Irula - Marriage and Family

Marriage. Monogamous marriage is the rule, but a few polygamous marriages occur. Polyandry is extremely rare. Soro-rate and levirate remarriages are not the norm. By choice and consent, however, Irula men may occasionally marry sisters of their deceased wives. The old traditional marriage, started by parents negotiating and the young man then going to the young woman's village with a load of firewood to live with her on a trial basis for a few days, has almost disappeared. Nowadays the young man's parents go to the prospective bride's house, after they are certain that she is in a marriageable clan. The bride-price, now usually the standardized amount of Rs 101 and 50 paisa, is paid in the presence of elders from both sides and the facilitator ( jatthi ). Then the date for the marriage is jointly agreed to. The groom's sister will serve as the bridesmaid, and the bride's brother will serve as the best man. The bride is brought by her relatives and the groom's party to the groom's house on the wedding day. In the house or within a temporary shelter ( pandal ) erected near the house, the groom in the most pertinent act of the marriage ceremony and in conformity with the widespread practice in southern India, ties a necklace ( tali, provided by his maternal uncle) around the bride's neck. A feast is then provided by the groom's people. Millet would in past times have been served, but it is now fashionable to serve rice with curry. The groom afterward bows to the feet of guests to receive their blessing and is followed in this act by his wife. Along with their blessing, the guests give money (typically Rs 1, 2, or 5) to the couple. All later go to the bride's house, and there is then another feast (again, with rice and curry), which runs into the night. All feasting is accompanied by the dancing of males and females (usually in separate groups but in one circle). The consumption of intoxicating beverages is also liable to take place. The establishment of a separate patrilocal household after marriage is the norm. Conforming with the widespread practice in southern India, the wife usually returns to her paternal home in her seventh month of pregnancy and remains there until after her infant is delivered. While a woman's inability to bear a child is not considered grounds for divorce, an Irula man may marry another woman if his first wife cannot conceive. He then is married to both women. The usual grounds for divorce are unfaithfulness or a husband's lack of provision for his wife. When a marriage is troubled, a member of the Samban patrician will try to keep it intact, or a member of the Koduvan patrician will help if a member of the Samban clan is involved. If three attempts at reconciliation do not work, a divorce is granted. The village headman and a group of males forming a council ( panchayat ) simply issue their consent for divorce. The bride-price and any gift jewelry must be returned to the husband's family. Then the husband's mother or husband's brother's wife smears some castor oil backward from the forehead of the wife along the part of her hair. After the tali is removed from her and returned to the husband, they are divorced. The children from the marriage will remain with the father.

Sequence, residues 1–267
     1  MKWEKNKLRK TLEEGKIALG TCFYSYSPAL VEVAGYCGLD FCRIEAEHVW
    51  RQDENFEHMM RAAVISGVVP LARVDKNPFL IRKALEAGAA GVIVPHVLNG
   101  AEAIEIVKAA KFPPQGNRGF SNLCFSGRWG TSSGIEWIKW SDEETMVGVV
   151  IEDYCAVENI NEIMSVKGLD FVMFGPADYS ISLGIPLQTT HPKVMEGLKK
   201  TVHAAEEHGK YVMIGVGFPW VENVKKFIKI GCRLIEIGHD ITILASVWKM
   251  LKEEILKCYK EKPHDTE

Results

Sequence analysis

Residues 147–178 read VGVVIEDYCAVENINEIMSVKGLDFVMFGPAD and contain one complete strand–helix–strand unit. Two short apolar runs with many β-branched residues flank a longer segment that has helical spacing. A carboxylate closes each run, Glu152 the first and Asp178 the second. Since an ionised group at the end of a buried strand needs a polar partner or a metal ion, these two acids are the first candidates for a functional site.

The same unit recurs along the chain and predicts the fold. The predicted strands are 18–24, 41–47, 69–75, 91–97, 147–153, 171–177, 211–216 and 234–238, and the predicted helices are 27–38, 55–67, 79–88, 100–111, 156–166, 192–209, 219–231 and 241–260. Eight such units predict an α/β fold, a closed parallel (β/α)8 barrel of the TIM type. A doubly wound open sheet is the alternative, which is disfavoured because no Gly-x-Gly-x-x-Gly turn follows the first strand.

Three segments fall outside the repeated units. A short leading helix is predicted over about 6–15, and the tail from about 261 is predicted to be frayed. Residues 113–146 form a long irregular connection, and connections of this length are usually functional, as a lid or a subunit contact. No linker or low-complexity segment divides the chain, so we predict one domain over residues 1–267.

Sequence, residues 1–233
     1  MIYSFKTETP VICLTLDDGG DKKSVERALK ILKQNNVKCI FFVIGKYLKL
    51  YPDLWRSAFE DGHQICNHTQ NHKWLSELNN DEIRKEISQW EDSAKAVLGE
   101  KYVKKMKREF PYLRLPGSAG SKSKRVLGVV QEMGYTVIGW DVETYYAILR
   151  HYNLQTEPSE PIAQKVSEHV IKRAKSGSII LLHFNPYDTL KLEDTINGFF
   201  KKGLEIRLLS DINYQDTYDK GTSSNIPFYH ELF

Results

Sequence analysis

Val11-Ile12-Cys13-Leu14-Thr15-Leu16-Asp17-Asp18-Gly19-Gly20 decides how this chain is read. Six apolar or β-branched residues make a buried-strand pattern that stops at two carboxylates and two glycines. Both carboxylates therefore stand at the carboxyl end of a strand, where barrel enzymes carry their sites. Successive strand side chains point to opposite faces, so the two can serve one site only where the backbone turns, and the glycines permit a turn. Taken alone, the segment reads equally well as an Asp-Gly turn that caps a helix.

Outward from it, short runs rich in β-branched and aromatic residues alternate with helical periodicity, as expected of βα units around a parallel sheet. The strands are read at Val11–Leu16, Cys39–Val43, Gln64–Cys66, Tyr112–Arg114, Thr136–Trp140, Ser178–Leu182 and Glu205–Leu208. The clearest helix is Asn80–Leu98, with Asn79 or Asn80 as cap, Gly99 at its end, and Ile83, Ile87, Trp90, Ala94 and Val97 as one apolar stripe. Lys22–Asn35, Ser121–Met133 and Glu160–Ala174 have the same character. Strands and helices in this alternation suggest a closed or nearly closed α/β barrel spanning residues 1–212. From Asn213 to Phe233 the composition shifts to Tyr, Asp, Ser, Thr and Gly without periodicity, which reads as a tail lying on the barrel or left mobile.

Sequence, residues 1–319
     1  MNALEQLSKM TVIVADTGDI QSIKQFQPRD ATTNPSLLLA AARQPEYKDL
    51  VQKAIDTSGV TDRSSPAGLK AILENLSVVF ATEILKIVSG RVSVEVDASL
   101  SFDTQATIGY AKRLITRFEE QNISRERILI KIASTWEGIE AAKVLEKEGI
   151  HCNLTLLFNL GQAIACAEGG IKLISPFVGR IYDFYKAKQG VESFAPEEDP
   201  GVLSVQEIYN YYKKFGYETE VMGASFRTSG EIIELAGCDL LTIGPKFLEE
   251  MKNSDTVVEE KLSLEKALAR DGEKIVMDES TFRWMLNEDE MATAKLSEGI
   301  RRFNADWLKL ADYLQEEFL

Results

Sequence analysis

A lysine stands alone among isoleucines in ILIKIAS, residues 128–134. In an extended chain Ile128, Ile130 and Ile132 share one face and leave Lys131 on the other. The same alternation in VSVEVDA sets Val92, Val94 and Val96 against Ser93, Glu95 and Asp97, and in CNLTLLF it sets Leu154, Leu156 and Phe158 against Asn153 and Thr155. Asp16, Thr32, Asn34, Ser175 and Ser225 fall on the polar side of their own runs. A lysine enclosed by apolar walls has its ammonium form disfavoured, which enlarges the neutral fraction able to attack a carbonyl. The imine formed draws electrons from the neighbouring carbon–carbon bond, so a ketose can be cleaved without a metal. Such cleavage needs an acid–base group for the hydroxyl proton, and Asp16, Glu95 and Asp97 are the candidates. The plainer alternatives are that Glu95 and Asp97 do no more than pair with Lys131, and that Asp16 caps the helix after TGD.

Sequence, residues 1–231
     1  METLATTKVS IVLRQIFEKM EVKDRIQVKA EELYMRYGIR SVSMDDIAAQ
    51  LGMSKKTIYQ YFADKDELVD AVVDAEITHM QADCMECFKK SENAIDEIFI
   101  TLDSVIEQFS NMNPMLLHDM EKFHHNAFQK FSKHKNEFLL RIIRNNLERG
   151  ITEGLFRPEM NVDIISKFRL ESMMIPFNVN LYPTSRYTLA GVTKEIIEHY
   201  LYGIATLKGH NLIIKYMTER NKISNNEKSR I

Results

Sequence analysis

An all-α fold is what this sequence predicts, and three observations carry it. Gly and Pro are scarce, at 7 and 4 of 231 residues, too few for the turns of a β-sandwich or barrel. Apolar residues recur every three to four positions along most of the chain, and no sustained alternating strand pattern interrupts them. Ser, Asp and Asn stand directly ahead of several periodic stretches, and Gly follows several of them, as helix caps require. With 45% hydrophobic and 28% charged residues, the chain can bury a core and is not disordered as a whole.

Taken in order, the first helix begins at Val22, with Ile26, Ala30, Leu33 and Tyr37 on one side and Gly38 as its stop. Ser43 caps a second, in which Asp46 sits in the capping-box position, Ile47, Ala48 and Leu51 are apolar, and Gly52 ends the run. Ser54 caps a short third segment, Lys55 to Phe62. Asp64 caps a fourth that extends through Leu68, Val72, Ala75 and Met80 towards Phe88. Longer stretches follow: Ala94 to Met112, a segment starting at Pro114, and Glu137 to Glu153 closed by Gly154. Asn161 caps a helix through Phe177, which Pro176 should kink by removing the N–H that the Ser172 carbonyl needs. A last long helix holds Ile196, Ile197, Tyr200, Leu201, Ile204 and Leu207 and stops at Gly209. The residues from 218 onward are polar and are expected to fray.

Domestic Unit. The typical family whose members are served food from the same hearth averages four to five people, but it may reach a size of seven to nine people. Because the institution of the extended family still remains vital, those relatives beyond the nuclear family may assume residence, especially if they are left destitute in infancy or old age. If the wife dies, it is the responsibility of the husband to care for the children. He may remarry. While the constitution of India now enables a woman to remarry if her husband dies, an Irula widow seldom will. The brothers of a deceased husband are expected to care for the widow. The brothers of the widow may also care for her, if those of her deceased husband give their consent.

Inheritance. It is unfortunate that Irula tribal pattas are not more restricted by the government. Quite apart from their being taken over by unscrupulous outsiders, they also are divided equally among the sons upon the father's death. Purchased land units are similarly divided among the male descendants.

Socialization. Much of the infant and child rearing is done by adult females, including those among the elderly extended family members who might be present. Older siblings of both sexes play an important role in the care of their younger brothers and sisters. Government has now provided day and residential schools for the formal training of Irula children, and the related socialization process provides the main means for introducing the Irula into broader civilization. Unfortunately, most Irula have thus far abandoned the formal educational institutions in the lower stages.

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